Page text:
When you’re building and training your machine learning models, it is always a good idea to test among different variations of your model, to pick out the one with the best configuration. To do this, you would require a huge dataset. This may be a problem, especially if you are limited in data size. You won’t have enough data points and may need to use the same data for both training and validation. A very helpful statistical method for tackling this problem is Cross-Validation.
Cross-validation is a method to sample or resample your training and validation datasets. While there are different ways to do cross-validation, in this short article we will be looking at how to do cross-validation using a specific method called K-fold. We will be considering K-fold because it is the most commonly used method for resampling.
Are you dealing with sets of data that do not have the same number of variables? Click here to learn about 6 Ways to Handle Class Imbalance.
2 Reasons Why is Cross-Validation a Good Idea.
Here are 2 major reasons why you may want to use Cross-Validation (CV) in your methodology:
- Using CV will ensure the efficient use of your data
When you build a model, you would normally have your train dataset separate from the validation dataset. Consider the case where your dataset is small in size, you may have to use the same dataset to both train and test your model, which causes poor results due to overfitting. So it is a good idea to cross-validate.
- Better Out-of-sample performance
Generally, cross-validation, if done correctly, will improve the performance of your model.
The K-Fold Cross-Validation
Now that we have defined Cross-validation, let us take a look at this specific type called K-fold. Like I stated earlier, we will be considering K-fold because it is the most commonly used method for resampling. The idea is to break your dataset into k different parts and for each iteration using a group to test and others to train.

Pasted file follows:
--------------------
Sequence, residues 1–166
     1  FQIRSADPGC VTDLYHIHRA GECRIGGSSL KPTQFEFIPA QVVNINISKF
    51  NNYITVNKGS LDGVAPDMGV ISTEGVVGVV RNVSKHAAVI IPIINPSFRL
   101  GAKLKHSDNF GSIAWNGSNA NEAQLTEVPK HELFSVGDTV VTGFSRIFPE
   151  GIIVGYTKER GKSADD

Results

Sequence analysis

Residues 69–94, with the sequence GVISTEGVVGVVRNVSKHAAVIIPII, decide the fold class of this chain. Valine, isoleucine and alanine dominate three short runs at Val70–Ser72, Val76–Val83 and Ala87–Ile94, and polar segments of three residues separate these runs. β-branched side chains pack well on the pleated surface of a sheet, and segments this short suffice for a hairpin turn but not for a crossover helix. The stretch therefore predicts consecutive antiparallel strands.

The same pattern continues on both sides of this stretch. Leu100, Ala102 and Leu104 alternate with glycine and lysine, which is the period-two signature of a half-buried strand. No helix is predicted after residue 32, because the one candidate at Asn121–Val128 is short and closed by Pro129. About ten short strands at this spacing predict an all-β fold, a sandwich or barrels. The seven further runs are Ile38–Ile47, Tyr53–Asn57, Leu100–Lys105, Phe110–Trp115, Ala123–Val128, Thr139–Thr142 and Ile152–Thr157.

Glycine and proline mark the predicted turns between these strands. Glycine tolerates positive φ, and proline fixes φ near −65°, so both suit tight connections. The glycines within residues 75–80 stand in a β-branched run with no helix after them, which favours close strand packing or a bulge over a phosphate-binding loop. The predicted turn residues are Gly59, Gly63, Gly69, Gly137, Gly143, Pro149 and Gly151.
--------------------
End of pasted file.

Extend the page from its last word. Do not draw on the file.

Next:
A Step-by-Step Guide to K-Fold Validation
- Determine the value of k, (detailed explained in the next section.)
- Randomize your dataset.
- Split your dataset into k different groups (commonly called folds) of equal sizes.
- Select the first group
- Set the chosen group to be the validation dataset
- Train a new model on the other groups
- Test this model on the current validation dataset and record the score.
- Discard the model
- Move on to the next group.
- Go to step 5.
The first time you train, group 1 will be used for validation, the second time, group 2, up until the k-th group. Also, ensure that you discard each model after training and validation. What this means is that at some point in your model training, each data point will end up being used for validation only once.
How to Determine the value of K
The first step in the process is determining the value of k. Choosing this value correctly should help you build models with low bias. Typically, k is set equal to 5 or 10. For example, with scikit learn, the default value of k is 5. This will give you 5 groups.
Another method for choosing k is to set it to n, where n is the data size. This is called Leave-One-Out, described in the next section.
Ultimately, the correct value of k is dependent on your dataset and the problem you’re trying to solve. A rule of thumb is to pick a value of k that ensures your train dataset is similar in distribution to the original dataset.
Variations of K-Fold
There are many variations of K-Fold, three of which are:
- Group K-Fold: This ensures that the same group is not represented in both testing and training sets.
- Stratified K-Fold: This preserves the percentage of samples of each class.
- Leave One Out: Here, we set the value of k to n. We will have only one data point in the validation dataset.
You can check the scikit learn documentation for more variations.
Beyond Learning, Start Practicing.
Scikit learn has a cross-validation package to help you, it is a very simple process. The following code snippet is a simple example of how CV works in scikit learn:
import numpy as np
from sklearn.modelselection import KFold
X = ["a", "b", "c", "d", "e", "f", "g", "h", "i", "j"]
kf = KFold(nsplits=2)
for train, test in kf.split(X):
print("TRAIN: %s TEST:%s" % (train, test))
This will produce 2 groups of dataset, for example:TRAIN: ["j", "e", "i", "g", "d"] TEST: ["b", "f", "c", "a", "h"]
TRAIN: ["b", "f", "c", "a", "h"] TEST: ["j", "e", "i", "g", "d"]
You can also check out the official scikit learn documentation for more information. Next time you’re training your models, you will be able to use this method to test the variation with the best configuration.
Have you tried the K-fold method before? How was your experience with it? Do you have more questions about it? Please send us a direct message here.